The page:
We want to be co-citizens, and we want to import Americanism into Christianity to create Amerianity — that peculiar brand of Christianity that studies the Constitution and Declaration of Independence in Sunday School as if those those documents were holy writ drafted by the holy apostles themselves.

But that would be like a Roman citizen in Greece declaring the laws of Greece equal to the laws of Rome. That would be, well, sedition against Rome. Rather, Greek law was to be judged by Roman law. They might obey the local laws for the sake of peace, but only if the laws didn’t conflict with the will of the Emperor. But the Roman citizen never asked whether Greece honored the laws of Greece. The true citizen asked whether Greece honors the laws of Rome.

Just so, when we get distracted from God and his word, and instead focus on securing our rights as Americans under American law, well, that’s to seek the lesser thing. It’s not Christianity at all. It’s pursuing the values of a nation which isn’t where our real citizenship is. No, we’re a colony of God, living under God’s laws, and those laws haven’t changed and don’t need to be defended before the Supreme Court.

I don’t know … Sometimes I think we feel the need to have our Christian values affirmed by the secular government, as though God needs the endorsement of the Alabama legislature or the United States Congress.

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23 Responses

  1. Jay said, “I don’t know … Sometimes I think we feel the need to have our Christian values affirmed by the secular government, as though God needs the endorsement of the Alabama legislature or the United States Congress.”

    I think it is much broader than that. Almsot everyone, whether a Christian or not, likes to have his opinions affirmed by others, not just by the government.

    I think it is an entirely natural human trait. Taken to the extreme it can cause us to try to force our opinions on others in an effort to convince OURSELVES. But in general, it’s not neccessarily a bad thing. It’s just how we are, how God made us.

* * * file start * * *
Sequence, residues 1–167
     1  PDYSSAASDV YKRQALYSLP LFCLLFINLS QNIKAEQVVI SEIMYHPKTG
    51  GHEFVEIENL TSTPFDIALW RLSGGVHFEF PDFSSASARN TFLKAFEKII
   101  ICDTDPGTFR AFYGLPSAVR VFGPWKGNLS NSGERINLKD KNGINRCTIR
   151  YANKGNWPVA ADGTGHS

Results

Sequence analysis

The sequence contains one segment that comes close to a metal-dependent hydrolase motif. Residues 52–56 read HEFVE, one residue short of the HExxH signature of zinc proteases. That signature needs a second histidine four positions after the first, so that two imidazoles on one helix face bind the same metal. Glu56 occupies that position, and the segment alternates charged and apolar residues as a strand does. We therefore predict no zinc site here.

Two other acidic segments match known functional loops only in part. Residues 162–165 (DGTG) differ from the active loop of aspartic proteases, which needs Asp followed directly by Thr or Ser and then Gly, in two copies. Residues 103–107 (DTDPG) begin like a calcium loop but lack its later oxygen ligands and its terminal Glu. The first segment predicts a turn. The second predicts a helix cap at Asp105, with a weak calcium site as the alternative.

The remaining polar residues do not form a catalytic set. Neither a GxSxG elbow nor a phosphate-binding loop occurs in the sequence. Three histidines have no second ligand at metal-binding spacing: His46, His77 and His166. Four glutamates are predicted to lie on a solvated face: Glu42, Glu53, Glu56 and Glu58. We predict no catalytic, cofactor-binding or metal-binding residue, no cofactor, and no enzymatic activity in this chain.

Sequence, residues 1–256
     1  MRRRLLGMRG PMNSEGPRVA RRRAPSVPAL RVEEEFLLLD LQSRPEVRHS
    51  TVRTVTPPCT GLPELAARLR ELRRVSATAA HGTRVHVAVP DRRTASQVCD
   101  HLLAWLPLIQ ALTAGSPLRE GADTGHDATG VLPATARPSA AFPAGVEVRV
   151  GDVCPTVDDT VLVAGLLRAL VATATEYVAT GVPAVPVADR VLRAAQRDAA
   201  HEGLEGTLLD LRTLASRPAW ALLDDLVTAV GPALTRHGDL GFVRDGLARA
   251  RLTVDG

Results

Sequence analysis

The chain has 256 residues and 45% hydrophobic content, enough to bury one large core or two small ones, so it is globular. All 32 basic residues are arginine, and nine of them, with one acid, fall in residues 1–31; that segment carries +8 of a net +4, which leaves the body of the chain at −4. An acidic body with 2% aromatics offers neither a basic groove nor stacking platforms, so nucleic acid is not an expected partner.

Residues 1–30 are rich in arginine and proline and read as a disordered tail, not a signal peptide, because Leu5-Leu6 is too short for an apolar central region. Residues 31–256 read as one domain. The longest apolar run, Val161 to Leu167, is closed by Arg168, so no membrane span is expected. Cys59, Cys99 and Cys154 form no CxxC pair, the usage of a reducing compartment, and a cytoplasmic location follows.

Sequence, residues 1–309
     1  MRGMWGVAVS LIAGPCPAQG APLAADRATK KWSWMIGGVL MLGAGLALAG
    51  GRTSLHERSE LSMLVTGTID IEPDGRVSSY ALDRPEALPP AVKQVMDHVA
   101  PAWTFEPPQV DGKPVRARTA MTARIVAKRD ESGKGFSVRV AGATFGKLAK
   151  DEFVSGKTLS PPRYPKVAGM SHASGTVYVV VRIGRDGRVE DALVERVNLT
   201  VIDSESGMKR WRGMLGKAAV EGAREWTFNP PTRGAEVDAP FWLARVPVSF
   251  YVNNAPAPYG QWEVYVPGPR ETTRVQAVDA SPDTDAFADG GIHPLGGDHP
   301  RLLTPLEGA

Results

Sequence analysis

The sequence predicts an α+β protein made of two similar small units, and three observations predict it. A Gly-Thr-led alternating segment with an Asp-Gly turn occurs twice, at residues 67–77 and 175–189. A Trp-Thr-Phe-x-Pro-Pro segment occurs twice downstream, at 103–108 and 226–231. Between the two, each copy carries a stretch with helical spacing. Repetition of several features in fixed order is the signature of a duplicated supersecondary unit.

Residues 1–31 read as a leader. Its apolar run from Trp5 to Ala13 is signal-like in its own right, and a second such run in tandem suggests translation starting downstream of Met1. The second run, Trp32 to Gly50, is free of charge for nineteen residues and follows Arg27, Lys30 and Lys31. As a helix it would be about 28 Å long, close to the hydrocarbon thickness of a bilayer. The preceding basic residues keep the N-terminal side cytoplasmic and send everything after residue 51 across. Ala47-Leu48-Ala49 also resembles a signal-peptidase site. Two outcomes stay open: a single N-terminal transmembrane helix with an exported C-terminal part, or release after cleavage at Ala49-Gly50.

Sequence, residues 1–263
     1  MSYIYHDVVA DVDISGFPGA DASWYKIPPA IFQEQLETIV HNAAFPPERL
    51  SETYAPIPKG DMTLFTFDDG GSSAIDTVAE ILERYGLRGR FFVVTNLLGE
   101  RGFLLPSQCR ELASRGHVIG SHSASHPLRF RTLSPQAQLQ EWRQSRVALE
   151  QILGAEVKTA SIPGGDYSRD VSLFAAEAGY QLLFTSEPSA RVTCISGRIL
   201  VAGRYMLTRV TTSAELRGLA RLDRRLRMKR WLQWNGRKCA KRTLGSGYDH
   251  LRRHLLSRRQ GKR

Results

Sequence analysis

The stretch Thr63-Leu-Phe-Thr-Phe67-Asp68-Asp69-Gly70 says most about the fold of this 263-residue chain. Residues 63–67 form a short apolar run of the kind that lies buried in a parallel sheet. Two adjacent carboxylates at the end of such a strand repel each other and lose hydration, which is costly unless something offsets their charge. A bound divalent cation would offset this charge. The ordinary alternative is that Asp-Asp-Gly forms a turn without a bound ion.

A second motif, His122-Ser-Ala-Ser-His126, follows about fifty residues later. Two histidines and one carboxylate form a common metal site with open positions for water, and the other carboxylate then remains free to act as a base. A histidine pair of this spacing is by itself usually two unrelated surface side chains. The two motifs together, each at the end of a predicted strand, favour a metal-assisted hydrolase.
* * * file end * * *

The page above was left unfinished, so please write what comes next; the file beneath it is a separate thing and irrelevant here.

2. To me, this concept of citizenship is crucial. For years I thought I was a dual citizen, citizen of heaven and an earthly country. I now believe that I have but one true citizenship. I’m here on earth on a diplomatic mission, ambassador of the kingdom of heaven.

    Grace and peace,
    Tim Archer

  3. These are good words. Many (most?) do not understand this. I think it is simply a lack of being taught. The Philippians text just happened to be our devotional at church last night. I said we are first patriots of Christianity rather than the U.S. I make allusions like that from time to time. People here have responded favorably.

  4. Just so, when we get distracted from God and his word, and instead focus on securing our rights as Americans under American law, well, that’s to seek the lesser thing. It’s not Christianity at all. It’s pursuing the values of a nation which isn’t where our real citizenship is.

    To seek our rights under the law of the land is not to seek a lesser thing but is what the word of God says to do.

    Romans 13:1-4 “Let every soul be subject to the governing authorities. For there is no authority except from God, and the authorities that exist are appointed by God. Therefore whoever resists the authority resists the ordinance of God, and those who resist will bring judgment on themselves. For rulers are not a terror to good works, but to evil. Do you want to be unafraid of the authority? Do what is good, and you will have praise from the same. For he is God’s minister to you for good. But if you do evil, be afraid; for he does not bear the sword in vain; for he is God’s minister, an avenger to execute wrath on him who practices evil.”

    Paul did not seeking the lesser thing when he focused on his rights as a Roman citizen. Paul understood very well that seeking his rights under the law of the land would be very helpful to him.

    Acts 22:22-29 “And they listened to him until this word, and then they raised their voices and said, “Away with such a fellow from the earth, for he is not fit to live!” Then, as they cried out and tore off their clothes and threw dust into the air, the commander ordered him to be brought into the barracks, and said that he should be examined under scourging, so that he might know why they shouted so against him. And as they bound him with thongs, Paul said to the centurion who stood by, “Is it lawful for you to scourge a man who is a Roman, and uncondemned?” When the centurion heard that, he went and told the commander, saying, “Take care what you do, for this man is a Roman.” Then the commander came and said to him, “Tell me, are you a Roman?” He said, “Yes.” The commander answered, “With a large sum I obtained this citizenship.” And Paul said, “But I was born a citizen.” Then immediately those who were about to examine him withdrew from him; and the commander was also afraid after he found out that he was a Roman, and because he had bound him.”